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Massachusetts' new recreational marijuana law is on track to take effect next week after all.
Secretary of State William Galvin's office is ready to deliver the results of the Nov. 8 ballot question to the Governor's Council for certification Wednesday, Galvin spokesman Brian McNiff said Friday. The law would take effect the following day, Dec. 15, as specified in the law.
Voter approval of the ballot measure was never in question, but Galvin had expressed doubts about whether his office could complete the official tally in time for the weekly council meeting. That would have meant a delay of a week or more for the marijuana law to take effect.
Galvin said his office was required to give preference to the elections for president and U.S. Congress before it could turn its efforts to the four ballot questions Massachusetts voters decided.
The new law would allow adults 21 or older to possess up to 1 ounce of marijuana outside their homes and up to 10 ounces in their homes and to grow up to a dozen pot plants per household.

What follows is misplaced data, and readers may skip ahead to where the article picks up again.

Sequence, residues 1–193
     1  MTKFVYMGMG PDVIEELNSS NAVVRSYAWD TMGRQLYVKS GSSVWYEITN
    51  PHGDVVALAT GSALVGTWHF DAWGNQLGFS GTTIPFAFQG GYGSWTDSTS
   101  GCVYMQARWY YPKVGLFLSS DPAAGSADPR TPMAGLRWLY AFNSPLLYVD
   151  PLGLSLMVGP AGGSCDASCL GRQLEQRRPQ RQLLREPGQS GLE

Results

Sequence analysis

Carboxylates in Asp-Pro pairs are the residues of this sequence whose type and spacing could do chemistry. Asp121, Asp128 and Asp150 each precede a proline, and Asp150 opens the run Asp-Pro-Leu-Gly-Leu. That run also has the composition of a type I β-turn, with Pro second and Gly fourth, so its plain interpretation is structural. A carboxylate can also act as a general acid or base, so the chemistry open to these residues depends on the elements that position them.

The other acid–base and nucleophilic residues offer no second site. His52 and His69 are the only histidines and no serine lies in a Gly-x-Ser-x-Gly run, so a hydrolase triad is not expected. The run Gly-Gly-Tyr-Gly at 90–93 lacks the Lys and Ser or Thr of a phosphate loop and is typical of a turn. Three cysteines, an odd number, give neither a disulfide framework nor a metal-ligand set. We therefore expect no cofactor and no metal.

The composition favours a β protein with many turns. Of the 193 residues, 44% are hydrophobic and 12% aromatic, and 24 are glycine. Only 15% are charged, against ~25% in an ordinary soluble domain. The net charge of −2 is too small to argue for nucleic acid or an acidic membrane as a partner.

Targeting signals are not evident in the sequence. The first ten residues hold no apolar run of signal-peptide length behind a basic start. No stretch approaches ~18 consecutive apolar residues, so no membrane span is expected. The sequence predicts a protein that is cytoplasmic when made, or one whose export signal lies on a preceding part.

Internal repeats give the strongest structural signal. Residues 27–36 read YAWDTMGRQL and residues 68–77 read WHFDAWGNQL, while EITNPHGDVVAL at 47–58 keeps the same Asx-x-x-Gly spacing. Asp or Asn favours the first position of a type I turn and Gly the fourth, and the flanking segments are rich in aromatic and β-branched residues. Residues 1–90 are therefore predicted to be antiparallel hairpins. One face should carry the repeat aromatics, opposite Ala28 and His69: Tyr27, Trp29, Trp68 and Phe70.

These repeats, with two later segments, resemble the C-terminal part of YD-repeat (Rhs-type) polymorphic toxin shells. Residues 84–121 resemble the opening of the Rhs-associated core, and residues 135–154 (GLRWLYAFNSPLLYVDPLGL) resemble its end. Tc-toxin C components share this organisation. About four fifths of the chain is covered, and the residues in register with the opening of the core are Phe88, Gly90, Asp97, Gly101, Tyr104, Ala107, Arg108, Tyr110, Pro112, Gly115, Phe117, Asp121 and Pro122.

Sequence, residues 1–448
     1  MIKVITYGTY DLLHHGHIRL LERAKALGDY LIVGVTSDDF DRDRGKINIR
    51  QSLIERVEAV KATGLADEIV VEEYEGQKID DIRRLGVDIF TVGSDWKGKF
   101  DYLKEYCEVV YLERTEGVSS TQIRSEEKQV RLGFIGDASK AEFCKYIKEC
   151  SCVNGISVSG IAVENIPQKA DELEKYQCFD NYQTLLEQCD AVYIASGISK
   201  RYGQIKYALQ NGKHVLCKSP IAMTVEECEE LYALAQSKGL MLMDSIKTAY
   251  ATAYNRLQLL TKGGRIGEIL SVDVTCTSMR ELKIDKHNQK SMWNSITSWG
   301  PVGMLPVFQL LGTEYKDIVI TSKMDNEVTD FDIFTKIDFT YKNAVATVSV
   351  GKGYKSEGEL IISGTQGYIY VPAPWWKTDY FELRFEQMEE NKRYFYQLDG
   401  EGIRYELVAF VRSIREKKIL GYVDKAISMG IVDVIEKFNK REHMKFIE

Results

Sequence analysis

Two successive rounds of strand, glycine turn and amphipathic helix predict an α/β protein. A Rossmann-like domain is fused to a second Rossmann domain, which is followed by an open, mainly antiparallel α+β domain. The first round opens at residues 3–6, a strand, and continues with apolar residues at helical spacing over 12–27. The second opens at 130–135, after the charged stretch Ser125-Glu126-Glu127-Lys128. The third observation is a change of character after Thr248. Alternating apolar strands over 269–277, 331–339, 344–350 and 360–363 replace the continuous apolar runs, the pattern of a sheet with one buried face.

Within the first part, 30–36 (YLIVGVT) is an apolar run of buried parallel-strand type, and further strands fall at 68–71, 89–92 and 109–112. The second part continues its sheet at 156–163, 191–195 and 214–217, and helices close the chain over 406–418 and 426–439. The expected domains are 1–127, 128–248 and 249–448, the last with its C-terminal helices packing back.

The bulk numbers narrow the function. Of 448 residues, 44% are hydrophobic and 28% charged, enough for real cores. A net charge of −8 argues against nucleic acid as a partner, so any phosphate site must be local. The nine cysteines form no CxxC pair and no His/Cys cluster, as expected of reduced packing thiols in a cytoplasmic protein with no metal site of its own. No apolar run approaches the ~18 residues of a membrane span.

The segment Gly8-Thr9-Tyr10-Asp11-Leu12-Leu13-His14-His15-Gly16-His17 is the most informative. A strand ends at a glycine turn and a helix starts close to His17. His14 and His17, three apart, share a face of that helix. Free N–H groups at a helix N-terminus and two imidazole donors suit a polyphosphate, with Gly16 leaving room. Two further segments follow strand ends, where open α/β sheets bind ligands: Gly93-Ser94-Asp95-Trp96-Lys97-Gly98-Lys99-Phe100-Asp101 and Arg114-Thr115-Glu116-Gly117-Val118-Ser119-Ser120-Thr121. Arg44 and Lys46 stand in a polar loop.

Retail sales of the drug are still more than a year away. The state must first create a Cannabis Control Commission to regulate and license pot shops.
Galvin also will present the results of the other ballot measures for certification, McNiff said. Voters backed a proposal to bar the sale of eggs and other food products from farms that confine animals to overly restrictive cages, while rejecting measures calling for an expansion of charter schools and a second gambling slots parlor in the state.
This article was originally published on December 09, 2016.
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